Ground staff for Lufthansa walked off the job at five major German airports including Frankfurt, Berlin and Munich on Wednesday, causing the airline to cancel hundreds of flights
Hundreds of staff have walked out of their jobs at Europe’s second largest airline today.
Ground staff for Lufthansa walked off the job at five major German airports on Wednesday, causing the airline to cancel hundreds of flights. Although the strikes are limited to travel hubs in Germany, the knock-on effect will be felt across Europe.
The Verdi union called on ground staff at Frankfurt and Munich, Lufthansa’s two main hubs, as well as Berlin, Düsseldorf and Hamburg, to strike for 27 hours starting at 4am Wednesday.
Ahead of the strike Lufthansa said it expected to be able to operate around 10-20% of all planned flights. The airline is letting customers rebook tickets free of charge, while tickets for German domestic flights can be converted to rail vouchers.
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In Frankfurt, the company cancelled 80-90% of the planned 600 departures and arrivals by Lufthansa itself and subsidiary Air Dolomiti ahead of the strike, German news agency dpa reported. More than 400 departures and arrivals at Munich Airport also were cancelled.
All Lufthansa departures from Berlin and Hamburg were grounded, as were most domestic flights from Dusseldorf. Lufthansa anticipated that, in all, more than 100,000 people would have to change their travel plans.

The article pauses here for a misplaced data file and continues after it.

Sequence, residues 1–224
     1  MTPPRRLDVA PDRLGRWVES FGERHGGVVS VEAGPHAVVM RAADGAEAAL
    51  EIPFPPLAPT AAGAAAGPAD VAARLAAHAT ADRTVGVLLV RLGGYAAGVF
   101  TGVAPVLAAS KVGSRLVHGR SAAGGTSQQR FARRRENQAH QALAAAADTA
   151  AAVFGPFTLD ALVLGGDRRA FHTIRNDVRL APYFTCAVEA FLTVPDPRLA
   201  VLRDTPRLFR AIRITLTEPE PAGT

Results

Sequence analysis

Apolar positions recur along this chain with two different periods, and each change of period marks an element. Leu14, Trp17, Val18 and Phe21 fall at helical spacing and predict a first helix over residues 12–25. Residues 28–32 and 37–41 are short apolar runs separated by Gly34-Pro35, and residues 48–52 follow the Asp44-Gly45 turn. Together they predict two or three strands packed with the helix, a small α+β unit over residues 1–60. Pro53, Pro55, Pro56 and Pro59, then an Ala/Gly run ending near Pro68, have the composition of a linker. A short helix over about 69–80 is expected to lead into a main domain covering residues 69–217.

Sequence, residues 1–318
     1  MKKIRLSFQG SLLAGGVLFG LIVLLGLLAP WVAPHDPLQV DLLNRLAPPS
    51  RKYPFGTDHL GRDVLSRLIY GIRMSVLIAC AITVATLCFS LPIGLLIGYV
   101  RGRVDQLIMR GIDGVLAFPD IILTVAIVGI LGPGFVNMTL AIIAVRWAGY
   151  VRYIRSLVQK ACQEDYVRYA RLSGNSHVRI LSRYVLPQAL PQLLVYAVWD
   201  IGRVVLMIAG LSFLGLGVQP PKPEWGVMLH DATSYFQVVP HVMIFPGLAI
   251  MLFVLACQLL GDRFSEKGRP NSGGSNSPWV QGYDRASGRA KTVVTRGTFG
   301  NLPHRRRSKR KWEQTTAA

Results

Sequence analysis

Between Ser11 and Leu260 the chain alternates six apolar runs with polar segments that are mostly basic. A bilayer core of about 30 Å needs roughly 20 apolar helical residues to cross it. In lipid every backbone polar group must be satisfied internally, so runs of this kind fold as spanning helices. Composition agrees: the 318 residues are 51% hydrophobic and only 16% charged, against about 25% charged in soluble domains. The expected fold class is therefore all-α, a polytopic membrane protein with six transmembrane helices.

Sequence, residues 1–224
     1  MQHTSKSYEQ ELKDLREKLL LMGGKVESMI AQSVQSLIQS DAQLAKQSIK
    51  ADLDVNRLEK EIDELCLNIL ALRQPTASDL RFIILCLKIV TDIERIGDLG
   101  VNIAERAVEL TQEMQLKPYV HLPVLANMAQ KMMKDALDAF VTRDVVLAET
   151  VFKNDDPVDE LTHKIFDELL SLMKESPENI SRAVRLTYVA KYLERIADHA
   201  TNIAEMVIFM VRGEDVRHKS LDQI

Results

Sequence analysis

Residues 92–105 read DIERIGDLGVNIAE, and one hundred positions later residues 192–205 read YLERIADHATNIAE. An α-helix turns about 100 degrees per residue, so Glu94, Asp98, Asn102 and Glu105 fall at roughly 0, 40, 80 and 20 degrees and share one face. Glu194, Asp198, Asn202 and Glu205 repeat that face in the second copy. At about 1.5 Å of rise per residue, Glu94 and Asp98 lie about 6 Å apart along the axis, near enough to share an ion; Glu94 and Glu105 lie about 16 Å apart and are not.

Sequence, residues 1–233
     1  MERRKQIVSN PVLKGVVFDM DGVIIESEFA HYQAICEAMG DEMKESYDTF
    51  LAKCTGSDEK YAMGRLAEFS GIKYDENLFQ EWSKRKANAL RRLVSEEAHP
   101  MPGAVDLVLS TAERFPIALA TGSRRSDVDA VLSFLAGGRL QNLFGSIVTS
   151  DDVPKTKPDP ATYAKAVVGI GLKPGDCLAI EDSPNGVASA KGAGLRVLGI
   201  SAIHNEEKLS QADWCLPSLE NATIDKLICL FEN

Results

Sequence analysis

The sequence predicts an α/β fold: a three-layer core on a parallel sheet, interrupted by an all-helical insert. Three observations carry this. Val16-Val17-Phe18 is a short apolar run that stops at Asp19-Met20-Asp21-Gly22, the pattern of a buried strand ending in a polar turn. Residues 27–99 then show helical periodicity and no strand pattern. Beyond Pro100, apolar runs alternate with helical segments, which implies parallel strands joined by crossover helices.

Only passengers who have been told that their Lufthansa flights have not been cancelled should head to the airport today, as rebooking counters will not be staffed for the duration of the industrial action.
Lufthansa unit Eurowings said it wasn’t affected by the industrial action.
The union is seeking a 12.5% pay raise, or at least 500 euros ($539) more per month, in negotiations for nearly 25,000 employees, including check-in, aircraft handling, maintenance and freight staff. Hourslong or one-day “warning strikes” are a common tactic in German contract negotiations.
The industrial action is not the first to have disrupted transport in Germany in recent weeks. Last Thursday, Verdi called for security staff at several major airports to take strike action, with the firm staging a walkout that led to local buses, trams and subway trains being cancelled in much of Germany.
Last summer was a particularly tumultuous one when it came to industrial action. As high rates of inflation continued to squeeze workers’ wages across the UK and broader European Continent, staff across the transport sector decided to walk out in numbers not seen for decades.
Baggage handlers, check-in workers and flight attendants all joined train drivers and station staff in walking out in protest at pay and conditions. Although the rate of inflation has dipped across most of Europe in recent months, the Lufthansa walk-out suggests more strikes are likely, particularly when the busier travel times of the year begin.
Lufthansa has been contacted for comment.